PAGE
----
It sometimes takes just that one look from a parent to calm their hyper child down. New research suggests that just one look could also help properly diagnose attention deficit hyperactivity disorder.
Attention deficit hyperactivity disorder (ADHD) affects 11 percent of children in the U.S, making it the most commonly diagnosed behavioral disorder. The disorder is commonly over and misdiagnosed, which could lead to the over prescribing and medicating in our pill-fixes-everything culture.
According to a study published in Vision Research by researchers at American Friends of Tel Aviv University, an "inability to suppress eye movement" in reaction to a visual stimulus is directly linked to having ADHD.
"We had two objectives going into this research," said Moshe Fried, Ph.D., "The first was to provide a new diagnostic tool for ADHD, and the second was to test whether ADHD medication really works - and we found that it does," continued Fried, who is diagnosed with ADHD.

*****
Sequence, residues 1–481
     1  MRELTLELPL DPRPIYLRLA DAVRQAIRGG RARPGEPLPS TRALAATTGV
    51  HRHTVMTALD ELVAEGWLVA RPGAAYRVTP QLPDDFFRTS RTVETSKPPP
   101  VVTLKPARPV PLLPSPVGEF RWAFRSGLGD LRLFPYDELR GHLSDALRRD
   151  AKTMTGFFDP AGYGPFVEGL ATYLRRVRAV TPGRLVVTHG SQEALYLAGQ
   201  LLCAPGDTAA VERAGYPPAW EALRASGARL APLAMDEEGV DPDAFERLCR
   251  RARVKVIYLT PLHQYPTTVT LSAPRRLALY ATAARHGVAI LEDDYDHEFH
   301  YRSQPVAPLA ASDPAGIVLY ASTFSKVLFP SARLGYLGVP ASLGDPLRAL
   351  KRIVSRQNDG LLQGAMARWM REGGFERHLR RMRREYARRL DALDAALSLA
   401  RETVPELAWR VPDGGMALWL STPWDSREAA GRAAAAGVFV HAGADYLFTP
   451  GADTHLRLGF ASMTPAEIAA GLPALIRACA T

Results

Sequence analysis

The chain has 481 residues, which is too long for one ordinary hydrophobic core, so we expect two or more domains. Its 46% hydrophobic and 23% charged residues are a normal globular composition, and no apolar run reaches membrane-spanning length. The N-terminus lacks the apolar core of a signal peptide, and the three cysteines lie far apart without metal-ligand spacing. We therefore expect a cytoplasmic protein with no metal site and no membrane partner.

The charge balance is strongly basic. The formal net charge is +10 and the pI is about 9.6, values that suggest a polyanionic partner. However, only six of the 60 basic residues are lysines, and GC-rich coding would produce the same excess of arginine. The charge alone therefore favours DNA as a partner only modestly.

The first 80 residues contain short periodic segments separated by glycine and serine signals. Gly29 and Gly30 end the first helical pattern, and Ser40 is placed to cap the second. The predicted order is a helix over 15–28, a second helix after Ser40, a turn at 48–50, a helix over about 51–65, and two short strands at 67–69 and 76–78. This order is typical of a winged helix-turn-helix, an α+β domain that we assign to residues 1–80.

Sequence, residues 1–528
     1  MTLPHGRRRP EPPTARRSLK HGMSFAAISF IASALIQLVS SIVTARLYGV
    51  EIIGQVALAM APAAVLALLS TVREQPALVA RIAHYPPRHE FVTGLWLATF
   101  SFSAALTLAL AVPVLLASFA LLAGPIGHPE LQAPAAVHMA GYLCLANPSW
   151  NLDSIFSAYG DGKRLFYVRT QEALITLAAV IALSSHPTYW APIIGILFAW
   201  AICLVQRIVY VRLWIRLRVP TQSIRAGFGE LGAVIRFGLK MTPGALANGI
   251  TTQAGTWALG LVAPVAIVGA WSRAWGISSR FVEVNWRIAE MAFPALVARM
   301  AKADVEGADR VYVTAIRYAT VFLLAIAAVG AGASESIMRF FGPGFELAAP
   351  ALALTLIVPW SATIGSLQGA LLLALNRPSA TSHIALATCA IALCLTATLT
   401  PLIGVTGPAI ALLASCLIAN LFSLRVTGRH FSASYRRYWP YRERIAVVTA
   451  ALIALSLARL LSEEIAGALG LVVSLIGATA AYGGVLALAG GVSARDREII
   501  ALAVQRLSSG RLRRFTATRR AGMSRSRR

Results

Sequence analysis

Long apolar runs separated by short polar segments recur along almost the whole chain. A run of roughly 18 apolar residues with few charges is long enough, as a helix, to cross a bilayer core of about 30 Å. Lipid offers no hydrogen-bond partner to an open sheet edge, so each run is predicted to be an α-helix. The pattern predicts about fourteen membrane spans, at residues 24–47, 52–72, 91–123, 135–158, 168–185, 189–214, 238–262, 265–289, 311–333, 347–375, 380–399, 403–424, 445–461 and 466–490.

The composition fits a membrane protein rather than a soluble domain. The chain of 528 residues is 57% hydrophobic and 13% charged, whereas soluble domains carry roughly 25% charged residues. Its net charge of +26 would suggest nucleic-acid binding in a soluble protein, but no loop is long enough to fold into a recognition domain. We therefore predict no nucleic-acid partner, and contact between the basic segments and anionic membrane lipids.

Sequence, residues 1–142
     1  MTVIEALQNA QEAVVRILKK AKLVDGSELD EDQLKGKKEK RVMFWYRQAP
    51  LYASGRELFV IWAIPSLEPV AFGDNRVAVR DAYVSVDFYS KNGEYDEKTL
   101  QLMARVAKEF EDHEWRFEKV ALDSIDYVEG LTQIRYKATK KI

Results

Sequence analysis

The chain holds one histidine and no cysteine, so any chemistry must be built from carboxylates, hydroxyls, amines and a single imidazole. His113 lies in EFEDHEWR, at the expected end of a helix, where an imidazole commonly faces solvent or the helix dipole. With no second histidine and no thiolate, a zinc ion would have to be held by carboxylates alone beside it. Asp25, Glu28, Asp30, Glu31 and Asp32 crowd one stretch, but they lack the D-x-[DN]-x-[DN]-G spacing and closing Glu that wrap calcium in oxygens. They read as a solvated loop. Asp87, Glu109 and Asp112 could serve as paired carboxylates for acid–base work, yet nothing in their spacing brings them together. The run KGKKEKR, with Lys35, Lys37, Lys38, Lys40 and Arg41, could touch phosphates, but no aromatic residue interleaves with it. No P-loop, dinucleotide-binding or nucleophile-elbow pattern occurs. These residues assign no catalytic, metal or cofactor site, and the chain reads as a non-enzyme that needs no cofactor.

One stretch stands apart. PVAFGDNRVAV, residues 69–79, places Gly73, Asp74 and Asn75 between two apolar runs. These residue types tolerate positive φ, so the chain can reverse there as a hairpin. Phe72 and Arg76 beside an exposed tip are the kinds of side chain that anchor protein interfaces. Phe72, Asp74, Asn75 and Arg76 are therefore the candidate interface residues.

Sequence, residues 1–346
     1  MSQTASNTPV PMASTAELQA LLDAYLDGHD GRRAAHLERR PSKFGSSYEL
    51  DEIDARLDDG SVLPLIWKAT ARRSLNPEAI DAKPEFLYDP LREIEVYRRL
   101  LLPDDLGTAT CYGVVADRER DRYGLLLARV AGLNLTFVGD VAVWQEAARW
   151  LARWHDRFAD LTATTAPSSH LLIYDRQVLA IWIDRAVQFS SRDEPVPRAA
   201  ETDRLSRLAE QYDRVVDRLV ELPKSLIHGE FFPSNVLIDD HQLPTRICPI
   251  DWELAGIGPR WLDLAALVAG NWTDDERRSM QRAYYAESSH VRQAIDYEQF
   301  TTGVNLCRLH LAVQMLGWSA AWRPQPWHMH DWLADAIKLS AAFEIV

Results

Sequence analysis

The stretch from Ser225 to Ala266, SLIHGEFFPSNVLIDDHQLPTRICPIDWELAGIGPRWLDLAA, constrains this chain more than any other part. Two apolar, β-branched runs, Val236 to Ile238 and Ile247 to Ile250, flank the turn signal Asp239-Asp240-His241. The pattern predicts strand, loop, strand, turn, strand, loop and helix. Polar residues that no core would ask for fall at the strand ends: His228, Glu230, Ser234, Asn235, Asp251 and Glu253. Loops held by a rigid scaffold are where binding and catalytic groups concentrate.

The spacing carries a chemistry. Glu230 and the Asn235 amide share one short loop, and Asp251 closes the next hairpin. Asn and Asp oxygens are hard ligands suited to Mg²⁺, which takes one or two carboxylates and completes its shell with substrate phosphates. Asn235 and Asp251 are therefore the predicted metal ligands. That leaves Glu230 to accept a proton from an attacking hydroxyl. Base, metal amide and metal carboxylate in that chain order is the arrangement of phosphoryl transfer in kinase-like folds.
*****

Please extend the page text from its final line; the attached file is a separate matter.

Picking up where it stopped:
Researchers conducted exercises on two groups of 22 adult study participants—one diagnosed with ADHD, the other a control group—that tracked involuntary eye movement. The participants took a Test of Variables of Attention (TOVA) diagnostic test using an eye-tracking system to monitor their eye movements.
"This test is affordable and accessible, rendering it a practical and foolproof tool for medical professionals," said Dr. Moshe Fried, one of the lead researchers. "With other tests, you can slip up, make 'mistakes' - intentionally or not. But our test cannot be fooled. Eye movements tracked in this test are involuntary, so they constitute a sound physiological marker of ADHD."
The ADHD group was given the exercise test that last for 22 minutes without medication. They then were medicated with methylphenidate and given the test again.
There was a direct link between ADHD and the inability to suppress eye movement when stimulated.
Researchers were able to find that the foolproof way to diagnose the disorder has been in plain sight, but they also found that the commonly prescribed drug to treat ADHD, Ritalin, had a positive effect on the study participants.
"Our study also reflected that methylphenidate does work. It is certainly not a placebo, as some have suggested," Fried said.
Researches continue to conduct the study on larger control groups to see if they results are repeated.